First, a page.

Alvvays: “I can be pretty greedy with choruses – I like big choruses”

After five years away, indie’s beloved darlings Alvvays have returned with quite possibly their biggest album to date.

After five years away, indie’s beloved darlings Alvvays have returned with quite possibly their biggest album to date.

Words: Neive McCarthy. Photos: Eleanor Petry.

Five years is a long time between albums by any stretch, but especially the last five. Alvvays released their now beloved ‘Antisocialites’ back in 2017, and just about everything since then has been transformed. And yet, there’s never been a better time to return to the world of Alvvays. Thankfully, they’re on hand to deliver – this time, it’s the all too aptly titled sugar rush, adrenaline-heavy ‘Blue Rev’. Much like the drink it’s named after, ‘Blue Rev’ immediately boosts; rushing into action with ‘Pharmacist’, Alvvays prove there’s no time to lose. Their new era has begun.

“We do take a lot of time between records,” vocalist and guitarist Molly Rankin laughs. “Alec [O’Hanley] and I are both really hard on each other and ourselves with just making everything the way we want it. We take a bit longer to sit with things and go back and forth. In that way, everything is a bit more daunting – we’re very scrutinising, and sometimes we need people around us to tell us to let things go.”

Dissecting the minutiae of the record and its every beat can be a consuming experience, but the result is resoundingly worthwhile. On ‘Blue Rev’, Alvvays are tighter than ever. It’s a fresh start and a chance to unlock years’ worth of development and build an album that transcends its predecessors. “We never intended on making anything sound bigger, but we’re definitely trying to make everything hit in a way that felt very satisfying,” Molly explains.

Though unintentional, it does sound bigger – it’s more aggressive at times, less restrained. It’s frequently in a somewhat deceptive way, too. ‘Many Mirrors’ seems soft to begin with, but it soon unleashes the full force of their creativity as the track drives home. It’s on a completely different scale. 

“It took a long time to make every song feel like it was really resonating,” continues Molly. “It’s also probably our growing knowledge of the sonic spectrum. I think our first album sounds really cloudy, to me at least. There’s a whole layer of frequency that simply doesn’t exist on that album. We’ve learnt how to make things fuller over the years. I can be pretty greedy with choruses – I like big choruses. I don’t really care what genre the song is. If it has a big chorus, I’m usually into it if there’s an emotional lift melodically.”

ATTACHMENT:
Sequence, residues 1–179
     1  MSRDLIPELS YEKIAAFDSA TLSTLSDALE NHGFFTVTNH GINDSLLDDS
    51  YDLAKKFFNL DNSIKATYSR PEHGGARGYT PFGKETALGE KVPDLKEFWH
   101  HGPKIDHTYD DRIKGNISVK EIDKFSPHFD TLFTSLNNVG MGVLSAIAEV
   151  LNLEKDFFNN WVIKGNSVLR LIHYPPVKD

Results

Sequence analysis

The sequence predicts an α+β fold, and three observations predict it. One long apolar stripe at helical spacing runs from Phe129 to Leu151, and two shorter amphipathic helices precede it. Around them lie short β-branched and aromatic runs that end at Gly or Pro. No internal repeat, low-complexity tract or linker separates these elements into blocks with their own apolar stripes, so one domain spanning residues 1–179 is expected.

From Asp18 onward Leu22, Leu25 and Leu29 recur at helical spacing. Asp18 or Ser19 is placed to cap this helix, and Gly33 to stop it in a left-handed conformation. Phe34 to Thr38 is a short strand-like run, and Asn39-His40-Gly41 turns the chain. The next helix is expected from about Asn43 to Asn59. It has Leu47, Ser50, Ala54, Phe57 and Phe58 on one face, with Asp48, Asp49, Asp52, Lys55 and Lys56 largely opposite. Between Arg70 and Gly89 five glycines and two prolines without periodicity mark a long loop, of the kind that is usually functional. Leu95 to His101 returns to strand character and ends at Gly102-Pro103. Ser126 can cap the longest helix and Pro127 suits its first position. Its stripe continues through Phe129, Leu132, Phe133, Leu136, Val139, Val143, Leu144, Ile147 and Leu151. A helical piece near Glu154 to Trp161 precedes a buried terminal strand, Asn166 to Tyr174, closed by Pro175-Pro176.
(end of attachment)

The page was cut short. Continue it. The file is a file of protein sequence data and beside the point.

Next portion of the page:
If their seminal self-titled debut was cloudy, ‘Blue Rev’ is nothing but crisp blue sky and beaming sun. One look at the album’s high saturation cover shows that. It’s as though the album places a pair of sunglasses on that brightens the world immensely. Those big choruses Molly adores are mammoth on here: ‘Pomeranian Spinster’ is a relentless ride, leading to a gargantuan release. Everything is felt to full capacity and never dulled down, that intensely saturated quality extending far beyond the vivid primary colours of the album artwork.

The flitting, never-shy emotions of ‘Blue Rev’ are crucial and, in many ways, reflective of their career’s longevity. They’re always progressing and learning, something that applies to their emotional selves, too. “People go through so many different phases in their lives,” Molly acknowledges. “I feel like I have so many different personalities, and I’m changing all the time. It’s reflective of that – maybe one day you feel a certain way about a situation you’re in, and the next day it’s completely blown away by some revelation you have no control over. It’s crazy how things warp over time. I’m not someone who writes about their own life. I collage together different stories and imagine different worlds, and I think that has been a theme throughout our music.”